5 tips for managing endometriosis

I was diagnosed with stage 4 endometriosis in January 2014, at that time and for many years prior I was extremely unwell and could barely function.

Endometriosis is a multi-faceted disease so it needs to be considered from all angles. It doesn’t just include monthly pain – the pain for me was daily, but there was also extreme fatigue, depression, gut problems including bloating, constipation, bowel pain and malabsorption of nutrients.

These days I am feeling much better and rarely experience the symptoms mentioned above. There are many factors that have contributed to my improved health and I want to share with you some of my learnings. Firstly, let’s understand a bit more about the disease:

Endometriosis occurs when the tissue that lines the uterus grows outside this area and creates inflammation, scar tissue, adhesions, pain and sometimes infertility. It is unknown what causes endometriosis but there are a few factors that may contribute to the disease:

Estrogen dominance is one factor that may contribute to endometriosis. If this hormone is not being expelled appropriately from the body it can worsen the disease and create other symptoms associated with estrogen dominance. There are two key components to maintaining optimal hormone levels; the liver which removes excess toxins, including excess hormones such as estrogen (and xenoestrogens) and the gastrointestinal system which is essential for absorbing nutrients and expelling waste.

Here are 5 tips for managing endometriosis:

  • Find your health care A-team; for example, I have the support of a general practitioner, a gynaecologist (who specialises in endometriosis), a naturopath, a gastroenterologist and an acupuncturist. Make sure the people you do see really understand the disease and are up to date with the latest research. Good health care will make a difference. Take responsibility for your own health though, do your research and ask questions; if you’re not comfortable with what your practitioner is proposing, seek a second opinion, it’s your body and you know it better than anyone. Excision surgery done correctly by an endo specialist is widely regarded as the best way to improve symptoms and quality of life.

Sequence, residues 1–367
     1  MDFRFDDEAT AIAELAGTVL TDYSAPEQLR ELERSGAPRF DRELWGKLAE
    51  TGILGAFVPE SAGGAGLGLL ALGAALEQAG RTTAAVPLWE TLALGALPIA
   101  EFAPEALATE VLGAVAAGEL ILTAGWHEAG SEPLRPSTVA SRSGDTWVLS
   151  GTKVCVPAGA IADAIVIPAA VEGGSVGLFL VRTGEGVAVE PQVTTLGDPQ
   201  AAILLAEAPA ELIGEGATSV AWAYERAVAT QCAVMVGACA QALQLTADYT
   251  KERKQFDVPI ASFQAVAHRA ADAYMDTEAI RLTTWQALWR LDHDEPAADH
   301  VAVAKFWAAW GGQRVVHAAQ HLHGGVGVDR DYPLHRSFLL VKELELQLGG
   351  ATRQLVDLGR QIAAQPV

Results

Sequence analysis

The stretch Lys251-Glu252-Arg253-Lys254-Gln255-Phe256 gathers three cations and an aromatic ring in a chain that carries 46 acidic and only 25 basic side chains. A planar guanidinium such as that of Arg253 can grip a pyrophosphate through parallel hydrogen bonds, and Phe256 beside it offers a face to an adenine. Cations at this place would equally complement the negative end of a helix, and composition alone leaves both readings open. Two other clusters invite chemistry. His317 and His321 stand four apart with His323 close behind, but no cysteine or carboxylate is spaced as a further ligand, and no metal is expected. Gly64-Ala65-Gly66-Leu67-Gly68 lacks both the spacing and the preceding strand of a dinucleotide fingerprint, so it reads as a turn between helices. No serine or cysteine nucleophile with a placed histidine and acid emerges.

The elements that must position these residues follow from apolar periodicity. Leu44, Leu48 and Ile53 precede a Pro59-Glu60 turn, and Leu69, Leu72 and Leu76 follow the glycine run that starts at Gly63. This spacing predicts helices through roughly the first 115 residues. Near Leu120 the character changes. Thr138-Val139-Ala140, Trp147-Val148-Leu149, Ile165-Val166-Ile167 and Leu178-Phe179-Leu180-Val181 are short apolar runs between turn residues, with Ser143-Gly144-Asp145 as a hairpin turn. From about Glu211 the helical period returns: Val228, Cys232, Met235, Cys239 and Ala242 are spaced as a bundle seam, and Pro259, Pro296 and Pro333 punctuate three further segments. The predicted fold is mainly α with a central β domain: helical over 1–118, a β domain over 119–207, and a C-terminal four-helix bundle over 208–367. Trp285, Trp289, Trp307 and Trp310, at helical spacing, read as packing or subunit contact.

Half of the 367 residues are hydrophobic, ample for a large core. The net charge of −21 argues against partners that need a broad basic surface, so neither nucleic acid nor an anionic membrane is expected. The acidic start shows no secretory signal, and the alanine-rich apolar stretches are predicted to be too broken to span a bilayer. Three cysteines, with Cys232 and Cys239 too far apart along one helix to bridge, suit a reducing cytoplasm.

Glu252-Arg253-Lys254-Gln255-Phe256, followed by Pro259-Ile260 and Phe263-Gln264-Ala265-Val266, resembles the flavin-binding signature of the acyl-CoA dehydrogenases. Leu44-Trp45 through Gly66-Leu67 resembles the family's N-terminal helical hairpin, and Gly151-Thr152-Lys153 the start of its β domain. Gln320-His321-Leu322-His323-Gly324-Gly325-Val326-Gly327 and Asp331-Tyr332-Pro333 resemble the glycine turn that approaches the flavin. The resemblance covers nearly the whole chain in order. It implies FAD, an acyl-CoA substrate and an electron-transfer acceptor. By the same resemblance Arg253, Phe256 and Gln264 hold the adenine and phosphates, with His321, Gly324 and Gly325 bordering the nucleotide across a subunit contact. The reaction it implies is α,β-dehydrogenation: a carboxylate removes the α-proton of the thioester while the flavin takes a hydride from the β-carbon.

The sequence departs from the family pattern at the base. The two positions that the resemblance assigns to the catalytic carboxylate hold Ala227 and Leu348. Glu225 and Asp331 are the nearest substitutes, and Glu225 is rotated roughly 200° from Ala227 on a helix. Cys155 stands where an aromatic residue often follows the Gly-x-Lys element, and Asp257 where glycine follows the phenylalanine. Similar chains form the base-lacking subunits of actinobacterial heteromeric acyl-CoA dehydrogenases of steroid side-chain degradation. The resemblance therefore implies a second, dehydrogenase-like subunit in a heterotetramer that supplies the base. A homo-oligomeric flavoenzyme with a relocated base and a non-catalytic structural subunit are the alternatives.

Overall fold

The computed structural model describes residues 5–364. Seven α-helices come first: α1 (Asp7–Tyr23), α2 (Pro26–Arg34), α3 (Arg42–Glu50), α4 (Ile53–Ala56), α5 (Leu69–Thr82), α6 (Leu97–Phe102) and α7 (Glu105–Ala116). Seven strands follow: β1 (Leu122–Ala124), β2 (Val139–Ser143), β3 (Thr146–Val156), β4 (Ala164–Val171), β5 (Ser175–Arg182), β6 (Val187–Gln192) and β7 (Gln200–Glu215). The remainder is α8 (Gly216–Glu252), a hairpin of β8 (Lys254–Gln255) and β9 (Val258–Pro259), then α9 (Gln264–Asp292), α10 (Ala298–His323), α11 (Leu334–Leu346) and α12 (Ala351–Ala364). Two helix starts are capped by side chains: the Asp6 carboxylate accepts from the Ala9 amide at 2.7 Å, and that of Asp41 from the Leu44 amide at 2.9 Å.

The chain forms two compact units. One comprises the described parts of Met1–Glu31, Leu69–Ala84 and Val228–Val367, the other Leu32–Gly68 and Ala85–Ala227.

• Establish your support network. Having a chronic illness can be very isolating and can lead to depression. Creating my Instagram account healingyogi and this blog, was one of the best decisions I’ve ever made; the support from other endo sufferers (along with the support from my husband) was incredible. In addition to social media, you can find support networks through friends, family, local support groups and through a psychologist.
  • Consider your diet. As mentioned earlier, if your body is not absorbing the appropriate nutrients and expelling waste/toxins as it needs to, it’s only going to make you feel worse. There isn’t one diet for endometriosis, but there are a few guidelines that can help:
    • Eat a high fibre diet.
    • Buy food as close to its natural state and prepare your own meals as often as possible – eat lots of veggies!
    • Buy organic where possible and reduce the amount of toxins you consume.
    • Eat plenty of healthy fats found in olive oil and wild salmon as they are anti-inflammatory.
    • Avoid soy products such as tofu as they contain isoflavones which are similar to estrogen and therefore can have similar effects on the body.
    • Reduce your sugar intake (including alcohol). Processed sugary foods and drinks can cause inflammation and will only make you feel worse.
    • Drink plenty of water.

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  • Reduce your stress levels. By allowing your body to rest appropriately it will switch on your parasympathetic nervous system and allow your body to do things such as; conserve energy, digest food and reproduce. Find your happy place! Whether it’s playing sport, painting or going for a walk in nature – just do something that gives you time to nourish your body and mind. Not surprisingly, I recommend yoga and meditation as it provides benefits for both body and mind and can help manage pain. Restorative yoga is brilliant for when you are unwell and not up to doing exercise.

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  • Address your digestive problems. If you’re tackling endometriosis it’s important to have your gut absorbing the appropriate nutrients. After many years of gut problems, last year I was finally diagnosed with SIBO (Small Intestinal Bacterial Overgrowth) which meant I was malabsorbing nutrients along with some other unpleasant symptoms. At the time I had blood tests completed and was low in iron and vitamin B12; I suffered from extreme fatigue and brain fog as a result. Research your symptoms and talk to a naturopath / gastroenterologist. Find out what’s going on and take steps to address the problem so it doesn’t create additional health complications going forward.

There is so much more I could write about with regards to managing endo, but these are the 5 points that come first to mind. What are your tips for managing endo? I would love to know your thoughts.

Yours in health,

Meredith

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